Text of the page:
It depends on how you want the user of the program to "provide the allowed functions."
- If the user is choosing functions that you've already implemented, you can pass these around as delegates or expression trees.
- If the user is going to write their own methods in C# or another .NET language, and compile them into an assembly, you can load them using Reflection.
- If you want the user to be able to type C# source code into your program, you can compile that using CodeDom, then call the resulting assembly using Reflection.
- If you want to provide a custom expression language for the user, e.g. a simple mathematical language, then (assuming you can parse the language) you can use Reflection.Emit to generate a dynamic assembly and call that using -- you guessed it -- Reflection. Or you can construct an expression tree from the user code and compile that using LINQ -- depends on how much flexibility you need. (And if you can afford to wait, expression trees in .NET 4.0 remove many of the limitations that were in 3.5, so you may be able to avoid Reflection.Emit altogether.)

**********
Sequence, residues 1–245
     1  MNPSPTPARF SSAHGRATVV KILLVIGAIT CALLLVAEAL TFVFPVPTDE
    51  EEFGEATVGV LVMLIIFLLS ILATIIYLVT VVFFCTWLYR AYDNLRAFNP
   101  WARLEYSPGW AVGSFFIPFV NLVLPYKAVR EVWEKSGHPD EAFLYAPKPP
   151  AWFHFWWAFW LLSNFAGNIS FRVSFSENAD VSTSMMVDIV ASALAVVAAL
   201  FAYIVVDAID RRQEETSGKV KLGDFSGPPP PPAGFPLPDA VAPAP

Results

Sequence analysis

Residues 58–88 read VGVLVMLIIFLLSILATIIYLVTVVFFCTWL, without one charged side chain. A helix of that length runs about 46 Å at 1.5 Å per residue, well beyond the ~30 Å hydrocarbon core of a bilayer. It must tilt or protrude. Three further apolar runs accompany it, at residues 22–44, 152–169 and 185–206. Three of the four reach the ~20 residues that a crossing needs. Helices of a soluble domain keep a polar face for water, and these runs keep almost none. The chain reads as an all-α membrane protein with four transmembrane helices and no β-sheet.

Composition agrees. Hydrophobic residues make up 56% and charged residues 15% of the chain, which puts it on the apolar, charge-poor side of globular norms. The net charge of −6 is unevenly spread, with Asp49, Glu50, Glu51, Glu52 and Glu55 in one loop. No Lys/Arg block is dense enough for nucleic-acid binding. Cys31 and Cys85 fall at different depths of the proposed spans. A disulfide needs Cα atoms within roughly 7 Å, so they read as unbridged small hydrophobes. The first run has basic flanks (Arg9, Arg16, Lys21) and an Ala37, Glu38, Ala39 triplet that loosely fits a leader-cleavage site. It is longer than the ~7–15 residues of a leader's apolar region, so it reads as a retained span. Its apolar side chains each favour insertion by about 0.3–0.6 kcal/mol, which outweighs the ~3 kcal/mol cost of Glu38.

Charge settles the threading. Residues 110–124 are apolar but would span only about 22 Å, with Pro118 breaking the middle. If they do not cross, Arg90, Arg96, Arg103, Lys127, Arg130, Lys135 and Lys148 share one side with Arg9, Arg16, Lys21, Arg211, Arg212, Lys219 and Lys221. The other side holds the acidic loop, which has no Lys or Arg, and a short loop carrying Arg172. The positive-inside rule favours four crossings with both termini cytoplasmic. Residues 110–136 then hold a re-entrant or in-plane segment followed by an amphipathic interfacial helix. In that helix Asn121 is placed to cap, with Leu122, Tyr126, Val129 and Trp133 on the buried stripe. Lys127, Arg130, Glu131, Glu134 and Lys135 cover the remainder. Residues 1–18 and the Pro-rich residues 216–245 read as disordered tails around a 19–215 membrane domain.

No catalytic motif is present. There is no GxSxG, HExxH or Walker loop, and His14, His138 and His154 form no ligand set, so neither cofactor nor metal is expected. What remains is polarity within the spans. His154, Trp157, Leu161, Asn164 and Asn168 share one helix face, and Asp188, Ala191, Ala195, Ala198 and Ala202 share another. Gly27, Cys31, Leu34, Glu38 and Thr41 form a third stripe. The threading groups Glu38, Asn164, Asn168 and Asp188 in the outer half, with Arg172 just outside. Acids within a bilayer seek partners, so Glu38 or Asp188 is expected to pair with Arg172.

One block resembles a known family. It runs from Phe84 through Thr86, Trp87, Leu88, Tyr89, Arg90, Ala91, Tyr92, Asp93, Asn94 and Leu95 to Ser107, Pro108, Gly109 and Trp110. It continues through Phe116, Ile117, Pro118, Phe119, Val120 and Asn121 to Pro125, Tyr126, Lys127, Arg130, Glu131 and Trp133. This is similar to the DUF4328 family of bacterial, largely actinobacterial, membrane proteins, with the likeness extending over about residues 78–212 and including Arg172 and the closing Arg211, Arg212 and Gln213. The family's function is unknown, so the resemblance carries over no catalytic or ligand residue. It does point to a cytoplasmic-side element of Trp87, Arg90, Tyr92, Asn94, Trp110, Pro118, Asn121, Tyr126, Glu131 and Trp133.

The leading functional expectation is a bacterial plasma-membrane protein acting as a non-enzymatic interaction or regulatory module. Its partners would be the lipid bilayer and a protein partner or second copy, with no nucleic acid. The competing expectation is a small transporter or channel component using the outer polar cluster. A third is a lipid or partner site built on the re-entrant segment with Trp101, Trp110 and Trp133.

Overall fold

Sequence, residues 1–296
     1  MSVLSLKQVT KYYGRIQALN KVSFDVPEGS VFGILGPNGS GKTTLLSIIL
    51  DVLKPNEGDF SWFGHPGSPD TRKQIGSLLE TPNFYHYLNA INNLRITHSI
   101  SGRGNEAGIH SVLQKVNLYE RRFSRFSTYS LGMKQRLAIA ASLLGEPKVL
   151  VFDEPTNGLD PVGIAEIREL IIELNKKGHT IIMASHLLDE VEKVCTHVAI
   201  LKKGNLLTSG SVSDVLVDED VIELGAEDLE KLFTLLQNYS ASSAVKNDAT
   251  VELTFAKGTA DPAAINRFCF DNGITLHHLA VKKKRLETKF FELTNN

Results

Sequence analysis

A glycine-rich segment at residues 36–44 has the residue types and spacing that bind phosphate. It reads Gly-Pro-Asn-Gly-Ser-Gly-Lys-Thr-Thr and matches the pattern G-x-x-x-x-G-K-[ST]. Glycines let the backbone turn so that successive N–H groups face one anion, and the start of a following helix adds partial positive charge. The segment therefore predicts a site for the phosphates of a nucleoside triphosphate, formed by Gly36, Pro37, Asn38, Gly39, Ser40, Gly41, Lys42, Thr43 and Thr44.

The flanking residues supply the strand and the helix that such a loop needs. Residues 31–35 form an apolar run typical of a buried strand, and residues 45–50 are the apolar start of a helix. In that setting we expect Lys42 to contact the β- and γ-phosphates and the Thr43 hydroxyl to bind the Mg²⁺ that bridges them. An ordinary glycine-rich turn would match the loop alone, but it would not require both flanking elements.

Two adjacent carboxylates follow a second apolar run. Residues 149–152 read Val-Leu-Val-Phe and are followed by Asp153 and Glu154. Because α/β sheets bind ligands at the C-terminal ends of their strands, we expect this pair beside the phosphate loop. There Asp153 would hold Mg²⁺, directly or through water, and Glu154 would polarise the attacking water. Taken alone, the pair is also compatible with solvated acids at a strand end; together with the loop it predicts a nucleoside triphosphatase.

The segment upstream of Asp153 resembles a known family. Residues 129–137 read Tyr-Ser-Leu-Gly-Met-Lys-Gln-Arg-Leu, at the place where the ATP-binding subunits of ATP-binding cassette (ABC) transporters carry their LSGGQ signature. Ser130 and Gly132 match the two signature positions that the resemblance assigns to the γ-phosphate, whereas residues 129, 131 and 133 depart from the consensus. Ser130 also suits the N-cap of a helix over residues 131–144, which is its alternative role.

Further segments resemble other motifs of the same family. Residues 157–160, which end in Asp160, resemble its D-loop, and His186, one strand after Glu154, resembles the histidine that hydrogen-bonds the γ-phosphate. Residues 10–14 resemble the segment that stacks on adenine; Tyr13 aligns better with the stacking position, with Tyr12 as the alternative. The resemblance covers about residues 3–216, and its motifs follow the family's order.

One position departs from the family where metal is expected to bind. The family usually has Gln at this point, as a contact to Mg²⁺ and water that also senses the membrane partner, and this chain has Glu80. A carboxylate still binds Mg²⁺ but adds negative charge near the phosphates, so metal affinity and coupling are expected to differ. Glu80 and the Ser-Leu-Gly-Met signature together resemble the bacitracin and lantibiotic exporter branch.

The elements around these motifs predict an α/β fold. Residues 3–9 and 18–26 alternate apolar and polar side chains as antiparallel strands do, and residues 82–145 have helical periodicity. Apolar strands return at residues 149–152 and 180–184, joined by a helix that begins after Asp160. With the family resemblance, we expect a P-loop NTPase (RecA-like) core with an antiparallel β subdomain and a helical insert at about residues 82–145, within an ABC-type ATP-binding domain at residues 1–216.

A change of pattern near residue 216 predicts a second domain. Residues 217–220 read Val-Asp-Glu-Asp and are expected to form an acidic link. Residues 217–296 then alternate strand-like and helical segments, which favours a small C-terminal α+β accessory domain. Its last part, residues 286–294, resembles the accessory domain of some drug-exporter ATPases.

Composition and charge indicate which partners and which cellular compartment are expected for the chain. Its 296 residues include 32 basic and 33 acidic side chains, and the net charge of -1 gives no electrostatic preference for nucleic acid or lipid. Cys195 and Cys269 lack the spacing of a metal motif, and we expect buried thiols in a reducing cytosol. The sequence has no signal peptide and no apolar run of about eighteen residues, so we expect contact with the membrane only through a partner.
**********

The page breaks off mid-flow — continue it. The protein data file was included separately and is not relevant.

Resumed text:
- If you are happy for the user to enter expressions using Python, Ruby or another DLR language, you can host the Dynamic Language Runtime, which will interpret the user's code for you.
Hosting the DLR (and IronPython or IronRuby) could be a good choice here because you get a well tested environment and all the optimisations the DLR provides. Here's a how-to using IronPython.
Added in response to your performance question: The DLR is reasonably smart about optimisation. It doesn't blindly re-interpret the source code every time: once it has transformed the source code (or, specifically, a given function or class) to MSIL, it will keep reusing that compiled representation until the source code changes (e.g. the function is redefined). So if the user keeps using the same function but over different data sets, then as long as you can keep the same ScriptScope around, you should get decent perf; ditto if your concern is just that you're going to run the same function zillions of times during the genetic algorithm. Hosting the DLR is pretty easy to do, so it shouldn't be hard to do a proof of concept and measure to see if it's up to your needs.